(BEGIN VIDEO CLIP)
UNIDENTIFIED MALE: Do you think it's murder, abortion?
TRUMP: I have my opinions on it, but I would rather not comment on it.
UNIDENTIFIED MALE: You said you're very pro-life. Abortion is murder.
TRUMP: But I -- I mean, I do have my opinions on it. I'd rather -- I just don't think it's an appropriate forum.
UNIDENTIFIED MALE: But you don't disagree with that proposition that it's murder.
TRUMP: What proposition?
UNIDENTIFIED MALE: That abortion is murder?
TRUMP: No, I don't disagree.
(END VIDEO CLIP)
BLACKWELL: So at the beginning, he says twice that he doesn't want to share his position. When John Dickerson asked him if he disagrees with the idea that abortion is murder. He says no, I don't agree with it.
Are we at the point where Donald Trump will do his best to avoid talking about abortion? Because I mean, it seems there that he's uneasy having the discussion all together.
JOHNSON: This is what I'm going to love. I can't wait to see the campaign commercials this fall with like golden flip-flops going back and forth on Donald Trump because this isn't the only issue where he said I don't really want to talk about it. It's not appropriate to talk about it.
When is the appropriate time to talk about it? You're running for president right now. He can do that because again, there is about 35 percent of the Republican base that will support him anyway.
But if he goes into a general election and he doesn't want to be honest and again, this is what I'm talking about. Trump's strength is I tell it like it is. You're not telling it like it is so move back to the issues where you can and stay off the issues where you can't.
[08:10:06]I think that's something -- it's not going to help him win Wisconsin, but it certainly going to keep him from having one bad week turn into a bad month.
BLACKWELL: All right, Jason Johnson, always good to have you -- Christi.
PAUL: Three days until the Wisconsin primary as we've been stating and Donald Trump falling behind in the latest polls as we told you. We're talking with the Republican state lawmaker that says Trump will not be getting his vote.
Also, Bernie Sanders is looking to make Wisconsin his sixth win in a row and chip away at Hillary Clinton's lead here. We have a live report for you.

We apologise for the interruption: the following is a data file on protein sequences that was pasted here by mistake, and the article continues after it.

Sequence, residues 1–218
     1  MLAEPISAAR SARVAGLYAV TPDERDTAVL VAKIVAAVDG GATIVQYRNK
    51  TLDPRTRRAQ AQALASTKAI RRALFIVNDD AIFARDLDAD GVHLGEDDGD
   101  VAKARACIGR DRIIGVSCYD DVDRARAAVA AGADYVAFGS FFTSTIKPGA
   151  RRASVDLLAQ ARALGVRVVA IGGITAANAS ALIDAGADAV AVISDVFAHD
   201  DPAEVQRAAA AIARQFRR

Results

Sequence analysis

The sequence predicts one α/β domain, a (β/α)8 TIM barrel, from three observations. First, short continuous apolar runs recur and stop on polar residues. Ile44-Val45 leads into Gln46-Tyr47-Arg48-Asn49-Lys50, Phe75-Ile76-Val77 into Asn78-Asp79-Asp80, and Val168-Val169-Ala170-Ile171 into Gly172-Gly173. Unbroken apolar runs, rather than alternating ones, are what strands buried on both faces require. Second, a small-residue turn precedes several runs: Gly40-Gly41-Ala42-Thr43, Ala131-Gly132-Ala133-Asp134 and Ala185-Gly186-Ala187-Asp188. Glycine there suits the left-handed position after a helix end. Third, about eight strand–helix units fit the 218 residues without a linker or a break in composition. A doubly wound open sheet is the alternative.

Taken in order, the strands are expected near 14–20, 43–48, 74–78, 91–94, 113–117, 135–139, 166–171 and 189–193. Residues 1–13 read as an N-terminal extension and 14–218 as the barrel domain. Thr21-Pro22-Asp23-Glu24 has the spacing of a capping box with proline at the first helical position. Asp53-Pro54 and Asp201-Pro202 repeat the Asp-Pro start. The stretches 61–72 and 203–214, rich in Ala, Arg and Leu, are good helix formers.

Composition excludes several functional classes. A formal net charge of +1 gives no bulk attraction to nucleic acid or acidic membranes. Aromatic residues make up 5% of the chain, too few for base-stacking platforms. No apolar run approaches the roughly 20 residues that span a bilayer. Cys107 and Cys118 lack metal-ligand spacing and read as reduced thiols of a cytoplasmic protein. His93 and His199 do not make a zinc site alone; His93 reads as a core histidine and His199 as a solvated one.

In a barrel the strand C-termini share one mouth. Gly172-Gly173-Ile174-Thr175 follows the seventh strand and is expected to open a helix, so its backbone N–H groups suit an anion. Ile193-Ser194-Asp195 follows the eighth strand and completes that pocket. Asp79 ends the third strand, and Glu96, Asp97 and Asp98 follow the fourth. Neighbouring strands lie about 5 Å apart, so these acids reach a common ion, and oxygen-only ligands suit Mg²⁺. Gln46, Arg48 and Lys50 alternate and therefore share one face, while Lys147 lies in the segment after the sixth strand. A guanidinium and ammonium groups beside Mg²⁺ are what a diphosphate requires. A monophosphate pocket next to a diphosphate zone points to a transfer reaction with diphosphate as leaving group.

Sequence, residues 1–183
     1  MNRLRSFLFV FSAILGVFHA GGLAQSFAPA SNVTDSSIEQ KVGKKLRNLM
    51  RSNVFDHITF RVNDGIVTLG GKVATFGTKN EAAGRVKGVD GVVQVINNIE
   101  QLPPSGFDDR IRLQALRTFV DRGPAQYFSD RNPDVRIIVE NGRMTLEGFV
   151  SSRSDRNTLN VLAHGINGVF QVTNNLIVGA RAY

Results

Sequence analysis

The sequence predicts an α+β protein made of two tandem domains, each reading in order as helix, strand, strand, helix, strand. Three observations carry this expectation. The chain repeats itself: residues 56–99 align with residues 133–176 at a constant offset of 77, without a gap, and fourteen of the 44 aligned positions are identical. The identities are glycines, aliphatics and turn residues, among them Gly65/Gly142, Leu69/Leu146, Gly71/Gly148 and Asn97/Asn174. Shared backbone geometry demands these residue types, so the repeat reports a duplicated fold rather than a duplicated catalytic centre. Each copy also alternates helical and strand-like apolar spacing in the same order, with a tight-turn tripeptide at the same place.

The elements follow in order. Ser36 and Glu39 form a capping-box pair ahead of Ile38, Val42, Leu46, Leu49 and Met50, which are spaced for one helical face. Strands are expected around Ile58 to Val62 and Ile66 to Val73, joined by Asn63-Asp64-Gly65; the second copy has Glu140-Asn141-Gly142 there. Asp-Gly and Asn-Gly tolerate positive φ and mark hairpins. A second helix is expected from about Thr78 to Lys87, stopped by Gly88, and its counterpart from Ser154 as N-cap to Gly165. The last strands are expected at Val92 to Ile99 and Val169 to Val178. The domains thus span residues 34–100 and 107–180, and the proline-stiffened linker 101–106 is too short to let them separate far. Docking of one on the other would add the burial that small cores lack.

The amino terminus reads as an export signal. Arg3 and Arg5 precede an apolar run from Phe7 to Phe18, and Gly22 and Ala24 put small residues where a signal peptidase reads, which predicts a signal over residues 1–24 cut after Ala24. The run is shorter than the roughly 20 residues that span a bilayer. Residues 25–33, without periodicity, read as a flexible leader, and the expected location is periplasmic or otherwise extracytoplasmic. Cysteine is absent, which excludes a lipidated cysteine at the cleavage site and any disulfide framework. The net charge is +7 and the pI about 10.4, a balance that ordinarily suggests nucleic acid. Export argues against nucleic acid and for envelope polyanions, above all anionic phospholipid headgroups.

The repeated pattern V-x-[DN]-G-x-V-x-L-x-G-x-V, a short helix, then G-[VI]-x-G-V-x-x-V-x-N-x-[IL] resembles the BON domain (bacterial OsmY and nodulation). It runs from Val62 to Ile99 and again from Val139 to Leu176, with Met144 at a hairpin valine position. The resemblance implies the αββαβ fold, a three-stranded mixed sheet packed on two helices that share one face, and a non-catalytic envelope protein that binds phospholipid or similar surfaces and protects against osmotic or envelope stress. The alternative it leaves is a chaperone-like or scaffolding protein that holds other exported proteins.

And a little bit later, stay with us, the science department at an Iraqi university is now controlled by ISIS and they have been according to some reports turning it into a bomb-making factory. What the U.S. military is doing about it?
PAUL: It's 13 minutes past the hour. Donald Trump back on the trail today holding three rallies across the state of Wisconsin. His first campaign appearance since his opinions on abortions sparked a firestorm on both sides of the political aisles.
Several new polls including one from Marquette University have the frontrunner trailing behind Senator Ted Cruz by double digits in that state in Wisconsin.
One state lawmaker says he is among those who will not be voting for Donald Trump. We are joined now by Republican state representative in Wisconsin, Jim Steineke. Representative, thank you so much for being with us. We certainly appreciate it.
REPRESENTATIVE JIM STEINEKE (R), WISCONSIN STATE REPRESENTATIVE: Absolutely, thanks for having me. PAUL: Thank you. So you've been public for months now about your opposition to Donald Trump. What do you think -- what will you do if he's the nominee?
STEINEKE: Well, I can't support him. It's like asking me how -- if I could support Hillary Clinton as the nominee of the Republican Party, I just couldn't. He doesn't stand for anything that I think the Republican Party believes in.
[08:15:04]PAUL: Well, I want to pull up a tweet. We just showed -- I want to show it again, something he's tweeting this morning talking about Wisconsin and jobs and his promise as he says here, "Wisconsin has suffered a great loss of jobs in trade, but if I win, all of the bad things happening in the U.S. will be rapidly reversed."
Speaking about jobs in Wisconsin that certainly could resonate with a lot of people there.
STEINEKE: It could if it were true. I mean, the problem is Donald Trump has exposed himself, the minute he stepped foot in Wisconsin, he started using the same old tired liberal talking points that they have been using for years against Governor Scott Walker and the legislature.
And the problem is they are not true. Wisconsin created over 100,000 jobs in the last few years, and economically doing really well.
PAUL: OK. Wisconsin we know is dairy country, yes?
PAUL: Donald Trump had this answer for a dairy farmer, who asked about keeping his farm staff. Let's listen here together.
(BEGIN VIDEO CLIP)
TRUMP: Are you in the same position as the California grape growers because they need people to come in and very seasonal, less seasonal but still seasonal. If you have an industry like California grapes like perhaps what you're talking about in Wisconsin, we're going to let people come in, but they are going to come in legally. They are going to come in through a visa program and come in legally.
(END VIDEO CLIP)
PAUL: Pointing out dirty farming isn't seasonal work, however, immigration policy of Donald Trump and Ted Cruz both obviously advocating for the deportation of undocumented immigrants. How is that playing with voters and the electorate in your state?